by Dr P.B. Pratap Kumar, Gandhi Hospital. LTI of P. Narasing Rao LTI of 8.35 p.m.
Rao Pratap Kumar" It can be seen that the deceased has mentioned that A-]
and A-2 caught hold of him and Raju, A-3 beat him and he fell down. Thereafter
all the three inflicted injuries with axes and knives. He also mentioned that
the incident was witnessed by PW 2. The main criticism levelled against this dying
declaration is that PW 1, the Doctor, who recorded the same, has not taken care
to verify whether the injured was in a fit condition to make the statement and
that the evidence of three Doctors, PWs 1, 10 and 20 would show that the
condition of the deceased was very bad and therefore the injured would not have
been in a position to make the said statement and that the statement was
recorded when PW 21, the Inspector of Police was there. Learned counsel also
contended that some of the admissions made by PWs 1 and 10 in their
cross-examinations would throw any amount of doubt on the authenticity of this
dying declaration. We shall now proceed to consider the evidence of PWs 1, 10
and 20. PW 1, in his chief examination, as already mentioned, clearly stated
that he recorded Ex. P-1 as stated by the injured.
also stated that he obtained the thumb impression of the declare in the
presence of the Casualty Medical Officer, PW 10 and thereafter he handed it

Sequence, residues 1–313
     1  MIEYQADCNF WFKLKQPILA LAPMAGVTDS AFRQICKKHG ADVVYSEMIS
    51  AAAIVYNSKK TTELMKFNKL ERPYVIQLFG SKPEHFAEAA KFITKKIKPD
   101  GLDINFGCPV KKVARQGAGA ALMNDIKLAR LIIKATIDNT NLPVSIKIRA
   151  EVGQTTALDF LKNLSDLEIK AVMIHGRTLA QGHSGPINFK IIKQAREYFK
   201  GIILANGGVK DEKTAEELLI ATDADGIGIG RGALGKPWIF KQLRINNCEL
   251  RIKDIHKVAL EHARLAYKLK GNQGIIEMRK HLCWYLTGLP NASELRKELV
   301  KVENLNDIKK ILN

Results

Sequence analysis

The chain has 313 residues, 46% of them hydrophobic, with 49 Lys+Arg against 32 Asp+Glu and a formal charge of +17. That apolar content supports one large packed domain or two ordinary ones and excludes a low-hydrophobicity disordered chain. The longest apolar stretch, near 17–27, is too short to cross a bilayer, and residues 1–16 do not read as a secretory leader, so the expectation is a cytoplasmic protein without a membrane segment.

over to PW 21. In the cross- examination, PW 1 admitted that the treatment of
the injured was not entrusted to him. However, he was asked at about 8 392 p.m.
to record the statement of the injured. PW 1 had further admitted that the
injured gave the statement in Telugu and he recorded the same in English. PW 1
also admitted that PW 21 was present there and that after recording the
statement, he handed over the same to him. He denied the suggestion that Ex. P-
1 was not recorded in the manner stated by the injured and that it was prepared
subsequently at the instance of the Circle Inspector.
1 is a young doctor and a highly independent witness. There is no reason
whatsoever for him to speak falsehood. The recording of Ex. P- 1 by PW 1 is not
in dispute. PW 1 has clearly stated that the injured gave the said statement
and he duly recorded it and obtained his thumb impression. PW 10, the Casualty
Medical Officer who examined the injured and admitted him, asserted that Ex. P-
1 was recorded by PW 1 as per his instructions. PW 10 also deposed that he
asked the Inspector to secure the presence of the Magistrate but he was told